The Bad Jews of Bad Jews may be bad Jews, but that doesn’t necessarily mean they’re bad company.
Let me revise that. If you found yourself trapped in a room with any of these people in real life – including the one person who can’t be a bad Jew because she isn’t a Jew at all – you would most likely find yourself, depending on your temperament, either racing out the door, screaming and tearing your hair, or desperately looking for a weapon.
However, since these are not real people, but rather characters who prove the maxim that sinners are generally more entertaining than saints, it’s okay: these bad Jews (and one bad Christian) are fun to be with for ninety or so minutes.
Not that these folks are really sinners. They’re just… strange. We first meet Jonah Haber (Austin Rogers) in his New York studio apartment – set designer David Offner has created a delightfully messy example of exactly what a college sophomore whose family has money, and thus is accustomed to a housekeeper, would live in… without a housekeeper. Jonah’s playing video games on his laptop, sitting on the fold-out couch which serves as a bed, wearing a long-sleeved shirt, boxer shorts, and black socks. Definitely not an attractive outfit.
The funeral was earlier that day, and, as the family prepares to sit shiva, Daphna and Jonah argue about who wasn’t at the service: Jonah’s older brother Liam (Noah James), who has earned Daphna’s contempt by losing his phone on a ski-lift in Aspen, and thus didn’t know about grandpa’s death and funeral until it was too late to get back in time. Daphna’s not buying the “I lost my phone, what could I do?” excuse, since Liam was in Aspen with his girlfriend Melody (Lila Hood), and why couldn’t he have used her phone to check in with the family, since everyone knew Poppy was dying?!?
Underlying Daphna’s fury is her desire – a better word might be determination – to possess Poppy’s chai, a gold ornament spelling out “life” in Hebrew. In the concentration camp, Poppy kept it under his tongue so the Nazis wouldn’t find and confiscate it, and after the war, too poor to buy a ring, he proposed to the kids’ grandmother by offering it to her instead. To Daphna, it’s not only a family treasure, but also a symbol of Jewish ingenuity and perseverance in the face of horror – and it’s all she claims to want from the estate.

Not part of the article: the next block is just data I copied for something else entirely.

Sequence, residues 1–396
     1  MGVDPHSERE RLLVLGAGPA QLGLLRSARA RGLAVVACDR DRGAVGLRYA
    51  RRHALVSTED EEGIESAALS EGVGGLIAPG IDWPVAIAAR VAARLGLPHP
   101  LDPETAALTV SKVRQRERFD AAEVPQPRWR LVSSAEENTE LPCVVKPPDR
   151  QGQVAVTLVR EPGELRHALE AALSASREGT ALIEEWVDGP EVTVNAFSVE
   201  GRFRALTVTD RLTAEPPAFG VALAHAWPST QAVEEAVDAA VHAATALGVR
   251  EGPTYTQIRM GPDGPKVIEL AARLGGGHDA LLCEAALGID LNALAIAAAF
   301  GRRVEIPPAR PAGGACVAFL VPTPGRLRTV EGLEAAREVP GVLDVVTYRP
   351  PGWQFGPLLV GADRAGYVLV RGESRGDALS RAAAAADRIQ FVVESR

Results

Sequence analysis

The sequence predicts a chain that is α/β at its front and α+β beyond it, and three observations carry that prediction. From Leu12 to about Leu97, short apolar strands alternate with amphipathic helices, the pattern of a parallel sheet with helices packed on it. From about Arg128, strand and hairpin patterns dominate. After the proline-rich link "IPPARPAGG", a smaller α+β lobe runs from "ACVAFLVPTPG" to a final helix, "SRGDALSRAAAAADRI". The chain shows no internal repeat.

The chai is particularly important to Daphna because she believes she’s the only member of her generation of the family to truly embrace a Jewish identity: she plans to move to Israel, where she recently found a boyfriend, and be the epitome of a good Jew.
What follows is a free-for-all of allegations, accusations, imprecations, and lots of good old-fashioned yelling. Daphna – whom Liam likes to point out was actually named “Diana” at birth – excoriates her bad Jew cousin for insensitivity, pretension, and betrayal of his heritage: he’s earning his doctorate in Japanese culture, but what about the culture of his own people? Liam – whose Hebrew name is “Shlomo,” as Daphna gleefully reminds him – responds defensively, but with barely concealed scorn for what he considers her solemn and overly-pious attitude. These two pick at each other like scabs; or, perhaps more accurately, they slam into each other like flint striking steel, producing sparks which will eventually, inevitably, ignite tinder if it’s available.
So when Liam proposes to Melody, offering Poppy’s chai and draping it around his beloved’s neck, it’s a combustible moment, and the seething Daphna erupts in violence at once vicious and hilarious.
Vicki Conrad’s costumes, Tom Ash’s lighting, and the aforementioned set by David Offner are all exactly what’s needed, as is Ms Resnick’s direction.
If I have one quibble, it’s the peculiar last moment of the play, when – out of nowhere, and with no setup – we’re treated to a revelation we never saw coming. It’s bizarre, and in my opinion unearned.
That notwithstanding, at the Odyssey this spring, Bad Jews make good company.
Written by Joshua Harmon
Directed by Dana Resnick
Through June 17
2055 S. Sepulveda Boulevard
Los Angeles, CA 90025
Tickets: 310-477-2055 ext. 2 or www.OdysseyTheatre.com